command line flag /DEFNUM suppressed that question, a starting position of 1
is assumed for all sequences. Boxshade starts with the value entered for the
leftmost position and continues numbering every valid symbol, skipping blanks,
'-','.' and stuff like that.
Several people using previous releases of BOXSHADE pointed me to the need of
having default parameters for the various questions asked by the program. They
argued that most sites only use one type of input files, one output device and
one choice of colors for the output. I therefore added a management of default
parameters allowing two levels of assistance to the user. 1) all default
parameters are contained in an ASCII file that can be modified easily to
accommodate the users taste. The format is roughly documented within the
file-header, it resembles the keyboard input one has to make if using the
program interactively. There are two such files supplied with this release of
BOXSHADE, BOX_DNA.PAR and BOX_PEP.PAR , holding some example parameters for
peptide and dna-comparisons. there are no big differences between these two,
the major one is that when shading DNA-comparisons one doesn't care of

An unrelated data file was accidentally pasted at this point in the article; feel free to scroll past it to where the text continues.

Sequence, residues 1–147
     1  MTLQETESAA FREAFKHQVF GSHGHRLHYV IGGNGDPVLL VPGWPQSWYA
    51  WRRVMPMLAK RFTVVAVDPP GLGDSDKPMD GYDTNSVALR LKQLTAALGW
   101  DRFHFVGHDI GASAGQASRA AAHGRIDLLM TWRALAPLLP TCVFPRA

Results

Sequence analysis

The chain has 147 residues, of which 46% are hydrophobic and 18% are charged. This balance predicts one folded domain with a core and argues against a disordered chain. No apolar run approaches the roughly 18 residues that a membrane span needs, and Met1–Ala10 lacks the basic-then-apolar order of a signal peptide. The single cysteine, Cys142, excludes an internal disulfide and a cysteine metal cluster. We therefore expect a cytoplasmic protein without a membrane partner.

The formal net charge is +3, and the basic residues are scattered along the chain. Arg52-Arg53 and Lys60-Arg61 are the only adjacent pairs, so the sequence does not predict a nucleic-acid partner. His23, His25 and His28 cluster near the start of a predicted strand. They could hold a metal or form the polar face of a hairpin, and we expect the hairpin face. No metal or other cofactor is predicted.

"similar" residues. 2) to run the program with minimal user
interaction, I have added the possibility to use command line parameters. At
the moment, you can use: /check : list all allowed command line parameters
(this list) and allows parameters to be added. /def : program runs without
questions, BOX_PEP.PAR is used as default /dna : makes the program use
BOX_DNA.PAR as parameter file /pep : makes the program use BOX_PEP.PAR as
parameter file /in=xxx : makes the program take xxx as input file /out=yyy :
makes the program take yyy as output file (note1) /par=zzz : makes the program
use zzz as a default parameter file /type=1 : makes the program assume an
input file of type 1 (PRETTY/MSF) /dev=1 : makes the program assume and output
device of type 1 (CRT) /numdef : use default numbering (all sequences starting
with "1") /thr : threshold fraction of residues that must agree for
a consensus /split : forces one page per file output, creates multiple output
files. /cons : makes the program create an additional consensus line (see
below) /symbcons=: influences the way the consensus line is displayed. (see
below) /unix : writes output files in unix style (LF only) (note2) /dos :
writes output files in DOS style (CR/LF) (note2) note1: on unix machines, use
out=OUTPUT for terminal output on DOS machines, use out=con: on VMS machines,
use out=tt: note2: if no mode is specified, the native style of the machine is
on unix systems, the dash (-) instead of the slash (/) has to be used as
separation character for command line parameters. For example, a valid unix
command line is: boxshade -def -numdef -cons -symbcons=" .*"